Zelman, Leon 1928–2007

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Zelman, Leon 1928–2007


See index for CA sketch: Born June 12, 1928, in Szczekociny, Poland; died July 11, 2007. Information officer, newspaper editor, executive, and author. In 1945 Zelman was liberated from a Nazi detention camp as an emaciated, tubercular teenager who had lost both parents and his brother to the Holocaust. Somehow he recovered his health, earned a doctorate at the University of Vienna, and spent the rest of his life working on behalf of other displaced Jews and Holocaust survivors. Zelman cofounded the newspaper Das Judische Echo in 1951, while he was still a university student; he later became the editor in chief. In 1963 he joined the Austrian National Travel Agency in Vienna, where his assignment was to promote immigration to Austria from the State of Israel and to encourage travel between the two countries. He then established the Jewish Welcome Service in 1978 to help Israeli immigrants settle into the city of Vienna by providing financial assistance as needed and by hosting tours and lectures about daily living in Austria. He was particularly concerned, according to some reports, about allaying the reluctance and fears of those Austrian Jews who were returning to a place that they had once left in a state of terror and panic. Zelman wrote a book about his own Holocaust experience in 1995 with the assistance of coauthor Armin Thurnher. The English translation appeared as After Survival: One Man's Mission in the Cause of Memory, in 1998.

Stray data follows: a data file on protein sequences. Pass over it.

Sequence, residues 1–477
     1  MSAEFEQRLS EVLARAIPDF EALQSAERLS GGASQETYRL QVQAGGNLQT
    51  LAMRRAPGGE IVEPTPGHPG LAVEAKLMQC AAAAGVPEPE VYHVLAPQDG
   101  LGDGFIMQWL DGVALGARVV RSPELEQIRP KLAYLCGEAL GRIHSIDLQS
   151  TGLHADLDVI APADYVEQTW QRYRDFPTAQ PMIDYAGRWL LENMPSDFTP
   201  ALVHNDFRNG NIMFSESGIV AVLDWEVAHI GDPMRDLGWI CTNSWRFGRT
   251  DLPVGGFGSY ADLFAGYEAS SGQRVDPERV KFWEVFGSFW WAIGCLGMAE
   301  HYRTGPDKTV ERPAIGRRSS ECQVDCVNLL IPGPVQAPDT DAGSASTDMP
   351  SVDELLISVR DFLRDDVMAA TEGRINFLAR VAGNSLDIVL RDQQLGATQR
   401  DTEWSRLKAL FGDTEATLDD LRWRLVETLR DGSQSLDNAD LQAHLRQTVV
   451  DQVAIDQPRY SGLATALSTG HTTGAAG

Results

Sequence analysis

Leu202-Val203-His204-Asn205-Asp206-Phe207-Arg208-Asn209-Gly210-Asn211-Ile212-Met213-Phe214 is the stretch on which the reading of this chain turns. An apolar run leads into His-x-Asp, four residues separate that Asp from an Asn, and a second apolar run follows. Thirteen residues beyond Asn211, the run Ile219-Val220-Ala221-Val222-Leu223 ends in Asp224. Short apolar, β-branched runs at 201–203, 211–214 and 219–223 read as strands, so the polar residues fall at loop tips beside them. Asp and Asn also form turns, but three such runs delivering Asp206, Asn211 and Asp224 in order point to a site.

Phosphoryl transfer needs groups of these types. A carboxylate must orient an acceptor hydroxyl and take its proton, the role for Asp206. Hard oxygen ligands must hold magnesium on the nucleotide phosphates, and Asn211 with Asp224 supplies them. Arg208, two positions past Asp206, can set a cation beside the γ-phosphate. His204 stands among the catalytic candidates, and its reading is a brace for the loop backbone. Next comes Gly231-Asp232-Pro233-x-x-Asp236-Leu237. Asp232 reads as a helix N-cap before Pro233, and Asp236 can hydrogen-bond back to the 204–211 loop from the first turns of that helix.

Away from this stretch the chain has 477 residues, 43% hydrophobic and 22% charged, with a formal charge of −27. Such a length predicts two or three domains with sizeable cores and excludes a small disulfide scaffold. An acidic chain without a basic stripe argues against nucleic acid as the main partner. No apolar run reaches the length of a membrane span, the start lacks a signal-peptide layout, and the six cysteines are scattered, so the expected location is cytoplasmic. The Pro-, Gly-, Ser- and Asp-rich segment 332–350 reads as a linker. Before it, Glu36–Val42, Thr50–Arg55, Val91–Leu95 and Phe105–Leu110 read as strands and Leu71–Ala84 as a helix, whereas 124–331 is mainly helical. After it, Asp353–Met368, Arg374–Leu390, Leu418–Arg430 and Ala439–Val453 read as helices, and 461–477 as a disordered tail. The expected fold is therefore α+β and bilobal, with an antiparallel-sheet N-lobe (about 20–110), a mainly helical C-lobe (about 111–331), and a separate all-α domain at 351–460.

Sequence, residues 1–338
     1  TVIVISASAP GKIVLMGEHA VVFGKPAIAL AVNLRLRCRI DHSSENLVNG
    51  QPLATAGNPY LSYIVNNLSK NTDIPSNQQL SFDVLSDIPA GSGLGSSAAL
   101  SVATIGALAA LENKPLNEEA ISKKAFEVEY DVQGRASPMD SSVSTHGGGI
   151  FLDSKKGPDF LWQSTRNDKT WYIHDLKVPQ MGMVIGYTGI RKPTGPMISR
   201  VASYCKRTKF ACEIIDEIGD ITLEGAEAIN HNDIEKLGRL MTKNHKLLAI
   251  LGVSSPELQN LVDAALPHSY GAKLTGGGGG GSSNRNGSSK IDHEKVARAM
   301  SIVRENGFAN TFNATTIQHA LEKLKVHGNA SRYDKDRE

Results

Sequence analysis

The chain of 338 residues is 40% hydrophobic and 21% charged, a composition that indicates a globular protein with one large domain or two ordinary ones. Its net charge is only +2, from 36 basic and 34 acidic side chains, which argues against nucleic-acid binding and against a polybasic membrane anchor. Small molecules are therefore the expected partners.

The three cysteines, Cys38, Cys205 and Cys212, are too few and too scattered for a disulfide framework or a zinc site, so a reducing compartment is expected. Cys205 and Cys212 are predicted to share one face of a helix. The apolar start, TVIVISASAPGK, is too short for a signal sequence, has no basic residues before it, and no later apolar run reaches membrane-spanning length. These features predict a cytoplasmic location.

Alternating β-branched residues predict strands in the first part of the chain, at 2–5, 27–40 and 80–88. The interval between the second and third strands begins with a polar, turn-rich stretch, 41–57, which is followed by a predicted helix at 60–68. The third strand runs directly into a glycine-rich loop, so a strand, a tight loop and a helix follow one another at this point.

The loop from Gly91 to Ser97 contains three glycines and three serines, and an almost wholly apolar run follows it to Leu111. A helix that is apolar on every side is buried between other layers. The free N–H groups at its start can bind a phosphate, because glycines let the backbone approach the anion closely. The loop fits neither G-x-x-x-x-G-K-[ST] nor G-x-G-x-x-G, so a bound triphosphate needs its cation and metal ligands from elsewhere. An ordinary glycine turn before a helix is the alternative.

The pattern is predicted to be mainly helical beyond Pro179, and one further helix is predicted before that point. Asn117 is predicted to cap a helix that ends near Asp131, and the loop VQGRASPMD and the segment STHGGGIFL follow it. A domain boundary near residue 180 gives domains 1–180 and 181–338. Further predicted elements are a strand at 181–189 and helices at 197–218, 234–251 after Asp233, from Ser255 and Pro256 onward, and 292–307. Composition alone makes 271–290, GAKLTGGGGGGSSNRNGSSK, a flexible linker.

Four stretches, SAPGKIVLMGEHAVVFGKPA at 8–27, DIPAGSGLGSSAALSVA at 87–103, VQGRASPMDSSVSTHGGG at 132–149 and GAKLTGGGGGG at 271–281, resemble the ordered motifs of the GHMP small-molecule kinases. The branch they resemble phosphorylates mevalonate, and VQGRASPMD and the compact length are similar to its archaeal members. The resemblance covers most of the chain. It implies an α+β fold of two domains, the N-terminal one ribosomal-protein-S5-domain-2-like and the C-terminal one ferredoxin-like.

Zelman, Leon, and Armin Thurnher, After Survival: One Man's Mission in the Cause of Memory, Holmes & Meier (New York, NY), 1998.


Times (London, England), July 30, 2007, p. 46.